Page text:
Vilvanathan Sangeetha Priya
Central Leather Research Institute, India
Vilvanathan Sangeetha Priya has completed her Master's degree in Biochemistry from University of Madras, Chennai. She has three years of experience as Project Assistant. Currently, she is doing her Ph.D. at University of Madras in the Department of Biochemistry, CLRI.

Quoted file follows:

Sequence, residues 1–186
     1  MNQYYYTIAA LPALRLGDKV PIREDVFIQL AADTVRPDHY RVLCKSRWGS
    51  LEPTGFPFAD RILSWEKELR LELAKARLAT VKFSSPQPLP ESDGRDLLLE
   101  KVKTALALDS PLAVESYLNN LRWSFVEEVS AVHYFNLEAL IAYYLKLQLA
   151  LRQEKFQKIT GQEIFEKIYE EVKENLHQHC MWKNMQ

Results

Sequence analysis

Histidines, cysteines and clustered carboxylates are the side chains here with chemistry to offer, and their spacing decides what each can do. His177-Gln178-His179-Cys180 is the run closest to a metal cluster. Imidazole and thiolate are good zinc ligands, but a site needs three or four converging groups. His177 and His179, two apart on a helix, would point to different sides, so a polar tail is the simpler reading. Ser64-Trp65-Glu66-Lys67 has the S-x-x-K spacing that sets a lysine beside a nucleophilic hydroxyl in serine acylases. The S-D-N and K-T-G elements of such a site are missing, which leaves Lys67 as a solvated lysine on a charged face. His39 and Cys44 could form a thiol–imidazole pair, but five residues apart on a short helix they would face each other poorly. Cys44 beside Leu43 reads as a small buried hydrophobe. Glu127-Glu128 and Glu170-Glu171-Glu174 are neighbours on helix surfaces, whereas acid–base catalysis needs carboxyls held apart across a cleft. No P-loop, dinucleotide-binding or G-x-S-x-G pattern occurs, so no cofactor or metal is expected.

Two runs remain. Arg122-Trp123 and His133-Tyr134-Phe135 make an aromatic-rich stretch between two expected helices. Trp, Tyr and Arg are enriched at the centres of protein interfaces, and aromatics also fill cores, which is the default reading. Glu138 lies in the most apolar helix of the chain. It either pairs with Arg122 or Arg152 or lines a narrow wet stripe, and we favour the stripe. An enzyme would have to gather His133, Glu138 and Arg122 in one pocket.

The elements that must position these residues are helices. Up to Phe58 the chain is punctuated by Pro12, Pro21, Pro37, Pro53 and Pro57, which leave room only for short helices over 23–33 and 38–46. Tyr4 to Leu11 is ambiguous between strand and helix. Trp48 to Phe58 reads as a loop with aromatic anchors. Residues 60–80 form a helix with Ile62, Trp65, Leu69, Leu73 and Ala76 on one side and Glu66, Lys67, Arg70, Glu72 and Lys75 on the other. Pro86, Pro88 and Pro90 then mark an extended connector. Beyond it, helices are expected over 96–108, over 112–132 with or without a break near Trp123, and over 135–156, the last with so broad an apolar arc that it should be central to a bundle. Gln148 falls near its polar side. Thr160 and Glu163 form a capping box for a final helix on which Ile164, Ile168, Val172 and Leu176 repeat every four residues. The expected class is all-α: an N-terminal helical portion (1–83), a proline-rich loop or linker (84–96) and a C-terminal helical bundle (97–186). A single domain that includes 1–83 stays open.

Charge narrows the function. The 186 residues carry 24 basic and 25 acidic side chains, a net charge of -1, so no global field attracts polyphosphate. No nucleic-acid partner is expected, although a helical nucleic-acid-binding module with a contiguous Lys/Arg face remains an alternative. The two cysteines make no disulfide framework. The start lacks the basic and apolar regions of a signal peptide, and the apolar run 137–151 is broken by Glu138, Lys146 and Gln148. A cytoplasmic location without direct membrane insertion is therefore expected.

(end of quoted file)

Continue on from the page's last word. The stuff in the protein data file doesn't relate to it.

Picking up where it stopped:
Wound healing occurs as a fundamental response to tissue injury. Amino acids play a key role in augmenting wound healing process. The role of some of the amino acids like arginine and proline has been well established. In this study, we have investigated the efficacy of a non-essential amino acid, glutamic acid, on cutaneous wound healing in rats. Male Wistar rats, weighing between 180 and 200 g were chosen for the study. Open excision wounds were made on the back of rats. The rats were divided into two groups comprising six rats in each group. Group I, control rats, treated with 200µl of phosphate buffered saline (PBS), and group II rats were treated with glutamic acid (200 mg dissolved in 200 µl of PBS) topically, once daily, until complete healing. Wounds treated with glutamic acid healed much faster as indicated by improved rates of contraction and decreased period of epithelialization. The biochemical analyses such as collagen, uronic acid and hexosamine were determined in the wound tissue. An increase in cellular proliferation and collagen synthesis was evidenced by significant increase in total collagen and uronic acid content. Histological evaluation was also carried which further substantiated the results. A marked increase in tensile strength (80%) and shrinkage temperature (24%) was observed in the wound tissues of glutamic acid treated rats. These results obviously substantiate that the topical application of glutamic acid enhance the rate of healing.